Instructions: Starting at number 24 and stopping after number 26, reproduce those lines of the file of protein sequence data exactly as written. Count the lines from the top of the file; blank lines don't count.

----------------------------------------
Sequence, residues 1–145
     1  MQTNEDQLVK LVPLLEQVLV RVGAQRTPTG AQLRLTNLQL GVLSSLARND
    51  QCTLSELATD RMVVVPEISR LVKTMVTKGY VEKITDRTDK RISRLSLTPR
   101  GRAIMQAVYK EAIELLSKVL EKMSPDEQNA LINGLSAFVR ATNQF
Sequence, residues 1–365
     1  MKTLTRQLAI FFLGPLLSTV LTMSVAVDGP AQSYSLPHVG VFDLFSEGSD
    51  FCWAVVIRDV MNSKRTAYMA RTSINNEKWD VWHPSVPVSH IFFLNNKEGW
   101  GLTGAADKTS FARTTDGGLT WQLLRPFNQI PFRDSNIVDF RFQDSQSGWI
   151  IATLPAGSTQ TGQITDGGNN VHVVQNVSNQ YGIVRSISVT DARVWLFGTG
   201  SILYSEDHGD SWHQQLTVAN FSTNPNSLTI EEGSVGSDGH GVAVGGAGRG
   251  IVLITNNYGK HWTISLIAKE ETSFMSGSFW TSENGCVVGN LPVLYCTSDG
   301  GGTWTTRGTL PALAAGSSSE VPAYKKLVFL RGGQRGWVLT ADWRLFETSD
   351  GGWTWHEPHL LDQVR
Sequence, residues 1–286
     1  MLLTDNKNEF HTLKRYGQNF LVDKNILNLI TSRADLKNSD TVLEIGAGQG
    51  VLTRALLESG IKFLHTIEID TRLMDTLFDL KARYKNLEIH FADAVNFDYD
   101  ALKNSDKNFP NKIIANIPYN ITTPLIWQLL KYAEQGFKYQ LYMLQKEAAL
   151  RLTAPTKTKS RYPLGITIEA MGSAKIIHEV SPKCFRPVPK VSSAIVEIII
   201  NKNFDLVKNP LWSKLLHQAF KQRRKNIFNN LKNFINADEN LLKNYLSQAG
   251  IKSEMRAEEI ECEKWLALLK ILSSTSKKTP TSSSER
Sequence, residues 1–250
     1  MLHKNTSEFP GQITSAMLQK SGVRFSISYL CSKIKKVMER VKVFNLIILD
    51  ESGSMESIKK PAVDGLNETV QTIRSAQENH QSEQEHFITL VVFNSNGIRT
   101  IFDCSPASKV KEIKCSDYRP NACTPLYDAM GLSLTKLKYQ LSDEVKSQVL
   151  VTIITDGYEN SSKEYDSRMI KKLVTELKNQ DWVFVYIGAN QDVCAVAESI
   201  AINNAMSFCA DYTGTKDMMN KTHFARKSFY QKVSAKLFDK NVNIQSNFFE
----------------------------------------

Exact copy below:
   101  IFDCSPASKV KEIKCSDYRP NACTPLYDAM GLSLTKLKYQ LSDEVKSQVL
   151  VTIITDGYEN SSKEYDSRMI KKLVTELKNQ DWVFVYIGAN QDVCAVAESI
   201  AINNAMSFCA DYTGTKDMMN KTHFARKSFY QKVSAKLFDK NVNIQSNFFE